Haier Stumps Up $6.4B For GE Appliance Business
The Australian appliance market is in for a shake up after Chinese Company Haier, forked out $6.4 Billion to buy General Electric’s appliance division.
Haier who acquired Fisher + Paykel could be selling General Electric products in Australia by late 2016 according to sources.
The deal will see Haier selling GE branded refrigerators, washing machines and other larger appliances in Australia up against LG, Samsung, Panasonic who are looking to expand their appliance offerings in Australia and Electrolux who missed out on acquiring GE appliances late last year.
“Haier has a good track record of acquisitions and of managing brands,” GE Chairman and Chief Executive Jeff Immelt said in a news release.
Qingdao Haier Co., a Shanghai-listed company in which Haier owns 41%, will acquire the GE appliance unit, Haier said.
The deal, values GE Appliances at 10 times the last 12 months of earnings before interest, taxes, depreciation and amortization, according to GE.
The Wall Street Journal said that GE has been running an auction for the century-old appliance business since it abandoned a $3.3 billion sale to Sweden’s Electrolux AB in December.
The U.S. Justice Department had sued to block that transaction, saying the combination of the two companies would hurt competition for cooktops and ranges. Haier may face fewer antitrust hurdles than Electrolux because of its small presence in the U.S.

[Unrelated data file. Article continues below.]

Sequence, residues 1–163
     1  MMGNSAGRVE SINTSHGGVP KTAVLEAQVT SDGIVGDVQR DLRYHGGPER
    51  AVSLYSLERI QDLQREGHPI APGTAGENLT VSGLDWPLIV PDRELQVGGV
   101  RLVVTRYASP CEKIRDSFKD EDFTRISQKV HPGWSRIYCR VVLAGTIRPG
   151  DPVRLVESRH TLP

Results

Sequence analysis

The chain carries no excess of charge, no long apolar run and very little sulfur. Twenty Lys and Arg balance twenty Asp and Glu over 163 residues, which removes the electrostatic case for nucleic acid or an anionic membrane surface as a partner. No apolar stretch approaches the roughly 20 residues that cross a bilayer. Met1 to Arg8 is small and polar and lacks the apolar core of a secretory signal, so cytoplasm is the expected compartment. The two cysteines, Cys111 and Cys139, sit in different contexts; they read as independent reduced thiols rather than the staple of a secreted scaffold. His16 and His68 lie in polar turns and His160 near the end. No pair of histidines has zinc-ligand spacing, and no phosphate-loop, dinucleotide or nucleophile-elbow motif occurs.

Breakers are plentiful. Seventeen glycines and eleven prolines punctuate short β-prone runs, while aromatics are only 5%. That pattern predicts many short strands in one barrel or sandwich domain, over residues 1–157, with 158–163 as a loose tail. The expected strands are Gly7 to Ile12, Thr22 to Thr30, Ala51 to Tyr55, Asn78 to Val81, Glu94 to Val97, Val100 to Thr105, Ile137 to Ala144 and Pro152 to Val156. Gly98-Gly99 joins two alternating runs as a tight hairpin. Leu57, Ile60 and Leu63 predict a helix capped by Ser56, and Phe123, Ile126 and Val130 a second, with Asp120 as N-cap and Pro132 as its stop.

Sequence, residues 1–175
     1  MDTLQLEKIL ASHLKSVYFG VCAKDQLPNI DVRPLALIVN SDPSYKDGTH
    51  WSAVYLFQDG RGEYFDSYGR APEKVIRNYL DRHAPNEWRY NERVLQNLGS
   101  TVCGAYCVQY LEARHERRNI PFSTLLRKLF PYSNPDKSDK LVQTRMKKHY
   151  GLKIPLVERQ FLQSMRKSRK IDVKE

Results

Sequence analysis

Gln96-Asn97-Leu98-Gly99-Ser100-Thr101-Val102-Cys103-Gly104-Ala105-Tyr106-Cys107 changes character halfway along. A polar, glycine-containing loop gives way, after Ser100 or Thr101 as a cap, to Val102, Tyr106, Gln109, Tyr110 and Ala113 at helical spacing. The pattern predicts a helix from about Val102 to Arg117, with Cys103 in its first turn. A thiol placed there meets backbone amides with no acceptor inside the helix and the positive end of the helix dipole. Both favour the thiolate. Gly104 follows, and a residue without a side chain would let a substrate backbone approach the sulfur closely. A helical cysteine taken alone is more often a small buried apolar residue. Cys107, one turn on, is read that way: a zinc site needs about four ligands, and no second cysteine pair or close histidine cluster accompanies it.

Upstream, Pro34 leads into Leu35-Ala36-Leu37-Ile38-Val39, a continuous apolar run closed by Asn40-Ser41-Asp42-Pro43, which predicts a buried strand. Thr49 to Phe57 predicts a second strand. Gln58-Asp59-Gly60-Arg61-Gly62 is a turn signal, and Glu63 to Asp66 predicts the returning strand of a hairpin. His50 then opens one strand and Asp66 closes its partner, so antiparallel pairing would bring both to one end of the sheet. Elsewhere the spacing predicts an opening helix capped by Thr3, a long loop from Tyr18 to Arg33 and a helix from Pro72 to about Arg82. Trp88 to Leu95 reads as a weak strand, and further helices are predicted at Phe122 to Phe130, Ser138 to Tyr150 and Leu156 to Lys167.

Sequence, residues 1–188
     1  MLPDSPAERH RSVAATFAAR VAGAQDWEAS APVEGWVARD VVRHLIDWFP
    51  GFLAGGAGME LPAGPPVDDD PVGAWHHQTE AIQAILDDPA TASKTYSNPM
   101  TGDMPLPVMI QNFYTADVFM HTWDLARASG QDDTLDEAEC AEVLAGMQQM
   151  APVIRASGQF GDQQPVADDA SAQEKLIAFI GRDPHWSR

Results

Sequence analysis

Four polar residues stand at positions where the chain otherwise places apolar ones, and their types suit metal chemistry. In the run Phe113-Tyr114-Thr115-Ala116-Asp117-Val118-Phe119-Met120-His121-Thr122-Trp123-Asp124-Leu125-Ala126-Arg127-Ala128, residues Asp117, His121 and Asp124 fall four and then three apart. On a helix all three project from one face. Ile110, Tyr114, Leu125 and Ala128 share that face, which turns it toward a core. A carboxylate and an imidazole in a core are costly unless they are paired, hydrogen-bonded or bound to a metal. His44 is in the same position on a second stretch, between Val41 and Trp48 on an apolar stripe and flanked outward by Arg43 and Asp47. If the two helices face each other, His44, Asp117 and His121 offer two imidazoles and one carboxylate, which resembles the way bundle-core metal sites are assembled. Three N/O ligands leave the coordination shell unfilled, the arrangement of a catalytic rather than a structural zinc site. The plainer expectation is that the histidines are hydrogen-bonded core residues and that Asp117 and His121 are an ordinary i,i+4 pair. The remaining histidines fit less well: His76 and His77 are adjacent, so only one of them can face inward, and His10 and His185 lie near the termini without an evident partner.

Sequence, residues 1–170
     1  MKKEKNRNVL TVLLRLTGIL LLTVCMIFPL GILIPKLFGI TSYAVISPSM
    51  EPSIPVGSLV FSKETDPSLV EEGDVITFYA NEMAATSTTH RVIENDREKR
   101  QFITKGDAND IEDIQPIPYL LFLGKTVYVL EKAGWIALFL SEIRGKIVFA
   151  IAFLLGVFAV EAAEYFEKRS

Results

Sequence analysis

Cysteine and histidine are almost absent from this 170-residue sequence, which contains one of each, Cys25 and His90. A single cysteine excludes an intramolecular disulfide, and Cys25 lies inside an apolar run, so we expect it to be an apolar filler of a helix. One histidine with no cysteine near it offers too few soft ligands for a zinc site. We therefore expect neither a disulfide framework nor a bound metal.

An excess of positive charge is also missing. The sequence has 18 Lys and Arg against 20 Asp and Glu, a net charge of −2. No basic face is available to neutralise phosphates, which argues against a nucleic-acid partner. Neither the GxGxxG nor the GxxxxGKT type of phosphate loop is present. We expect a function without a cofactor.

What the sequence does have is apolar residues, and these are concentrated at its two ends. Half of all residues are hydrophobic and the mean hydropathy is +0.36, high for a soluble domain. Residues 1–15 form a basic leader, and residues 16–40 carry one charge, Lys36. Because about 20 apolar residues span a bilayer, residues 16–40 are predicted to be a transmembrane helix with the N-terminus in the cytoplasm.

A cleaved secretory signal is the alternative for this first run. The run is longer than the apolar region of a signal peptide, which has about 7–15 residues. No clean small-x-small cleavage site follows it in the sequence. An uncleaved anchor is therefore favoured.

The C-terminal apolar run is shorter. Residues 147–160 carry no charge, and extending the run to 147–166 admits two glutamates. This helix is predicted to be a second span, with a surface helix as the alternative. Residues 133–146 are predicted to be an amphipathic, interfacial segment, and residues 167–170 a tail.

In seeking a fresh buyer, GE executives wanted a better deal than they had gotten from Electrolux, one-person familiar with the matter said. GE also stands to receive a $175 million breakup fee from Electrolux.
The GE transaction, will accelerate the Chinese company past Electrolux and other rivals in the U.S. market for white goods, which currently is led by Whirlpool. Sales for the GE Appliances and Lighting division, of which appliances is the lion’s share, were $8.4 billion in 2014.
Haier, which had $32.6 billion in revenue world-wide in 2014, growth overseas is critical. Profit margins from the company’s refrigerators and washing machines in China are razor-thin due to increased competition at home, where online shopping has sparked price wars, pushing down prices in the electronics and appliances sector.